"LIFE’S not fair is it? Some of us drink champagne in the fast lane and some of us eat our sandwiches by the loose chippings on the A597." Victoria Wood

Last autumn my husband had a serious illness. It made me think again about fairness – the ‘why me/her/him/them?’ question that often occupies me as a Christian minister and as a professional counsellor. I don’t have any clever answers but I do have things that kept me going during a difficult time.

I might think I’m eating sandwiches by the loose chippings but compared to the majority of the world I’m really drinking champagne. Thinking about what the outcome might have been didn’t make it less important but it did help us get a sense of perspective about it. A helpful thought for us but probably inadequate in the face of other problems…terminal illnesses, domestic violence, sudden tragedies…

So, what else helped? A daily determination to notice the good things that were happening at the same time as the bad ones helped me to stay steady and live with hope. Every day I posted on facebook ‘One good thing’, sometimes through gritted teeth, but it helped. Also, the kindness of friends and family, much laughter, small improvements, the NHS.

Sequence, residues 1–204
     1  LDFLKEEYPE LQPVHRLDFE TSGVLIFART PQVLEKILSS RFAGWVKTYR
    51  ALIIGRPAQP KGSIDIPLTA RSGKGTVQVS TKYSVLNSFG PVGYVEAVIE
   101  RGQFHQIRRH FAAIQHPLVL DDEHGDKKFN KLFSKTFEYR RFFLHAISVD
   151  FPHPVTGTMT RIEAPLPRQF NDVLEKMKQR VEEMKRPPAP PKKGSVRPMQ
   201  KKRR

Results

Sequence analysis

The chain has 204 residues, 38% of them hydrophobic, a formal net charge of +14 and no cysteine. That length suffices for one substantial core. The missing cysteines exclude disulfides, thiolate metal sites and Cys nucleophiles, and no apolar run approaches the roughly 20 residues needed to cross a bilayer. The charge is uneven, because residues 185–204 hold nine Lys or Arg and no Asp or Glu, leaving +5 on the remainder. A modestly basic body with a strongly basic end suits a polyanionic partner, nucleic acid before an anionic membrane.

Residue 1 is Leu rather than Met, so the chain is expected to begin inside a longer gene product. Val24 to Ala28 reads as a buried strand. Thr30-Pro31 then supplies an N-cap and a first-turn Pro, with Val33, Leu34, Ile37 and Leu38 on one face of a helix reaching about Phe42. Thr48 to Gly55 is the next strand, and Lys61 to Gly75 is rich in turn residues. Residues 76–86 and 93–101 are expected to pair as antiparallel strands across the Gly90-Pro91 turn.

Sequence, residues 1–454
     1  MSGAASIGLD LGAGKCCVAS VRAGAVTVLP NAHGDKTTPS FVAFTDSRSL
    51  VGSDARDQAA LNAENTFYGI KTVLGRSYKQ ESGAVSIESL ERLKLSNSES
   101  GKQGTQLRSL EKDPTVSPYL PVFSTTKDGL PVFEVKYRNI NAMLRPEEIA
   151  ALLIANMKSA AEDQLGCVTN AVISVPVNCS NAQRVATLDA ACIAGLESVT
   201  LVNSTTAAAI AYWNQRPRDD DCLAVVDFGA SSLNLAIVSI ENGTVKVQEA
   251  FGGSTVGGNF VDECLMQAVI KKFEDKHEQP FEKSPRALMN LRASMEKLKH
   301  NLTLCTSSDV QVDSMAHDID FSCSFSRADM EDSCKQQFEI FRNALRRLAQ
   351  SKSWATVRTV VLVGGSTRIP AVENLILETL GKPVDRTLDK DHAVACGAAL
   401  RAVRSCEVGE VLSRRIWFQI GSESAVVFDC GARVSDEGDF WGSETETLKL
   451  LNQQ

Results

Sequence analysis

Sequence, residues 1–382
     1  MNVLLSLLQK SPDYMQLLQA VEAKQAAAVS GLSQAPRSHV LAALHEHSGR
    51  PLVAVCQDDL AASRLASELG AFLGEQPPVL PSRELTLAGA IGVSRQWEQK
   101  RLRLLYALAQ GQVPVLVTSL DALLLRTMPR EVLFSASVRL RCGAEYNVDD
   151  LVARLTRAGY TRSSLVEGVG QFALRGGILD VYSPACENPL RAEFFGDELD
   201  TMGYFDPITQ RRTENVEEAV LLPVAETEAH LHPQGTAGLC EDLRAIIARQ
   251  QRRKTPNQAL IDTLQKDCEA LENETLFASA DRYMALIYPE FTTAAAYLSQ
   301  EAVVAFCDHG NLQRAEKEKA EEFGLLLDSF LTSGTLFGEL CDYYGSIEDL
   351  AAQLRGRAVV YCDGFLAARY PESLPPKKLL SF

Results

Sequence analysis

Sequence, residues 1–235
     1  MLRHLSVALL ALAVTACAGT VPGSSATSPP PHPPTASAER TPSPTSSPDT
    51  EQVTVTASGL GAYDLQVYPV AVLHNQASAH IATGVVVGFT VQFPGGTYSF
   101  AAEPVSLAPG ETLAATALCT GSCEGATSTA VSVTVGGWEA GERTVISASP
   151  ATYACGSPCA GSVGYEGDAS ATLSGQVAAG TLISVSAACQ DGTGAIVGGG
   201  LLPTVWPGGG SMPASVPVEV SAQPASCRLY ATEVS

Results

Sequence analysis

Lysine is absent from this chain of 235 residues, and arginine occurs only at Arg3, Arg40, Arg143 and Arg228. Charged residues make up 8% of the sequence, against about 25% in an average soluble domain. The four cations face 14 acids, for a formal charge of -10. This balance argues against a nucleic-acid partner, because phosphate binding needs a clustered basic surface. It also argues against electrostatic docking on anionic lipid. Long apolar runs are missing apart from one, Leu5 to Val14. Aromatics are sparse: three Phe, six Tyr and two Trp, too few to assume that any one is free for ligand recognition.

And underpinning everything a sense that God was with us in it, not a detached onlooker but one of whom it was said ‘he moved into our neighbourhood’.

In Jesus, I see a picture of a God who is involved in our questions, our hurting, our experiences of unfairness and our happy times too. If you’ve never done it before, take a look at the stories of Jesus’ life, his unfair trial and death and the tough life of love, mercy, straight speaking and forgiveness that those who call themselves Christians are asked to try to copy.

The Rev Jackie Reily

Chaplain, Scargill Movement, Kettlewell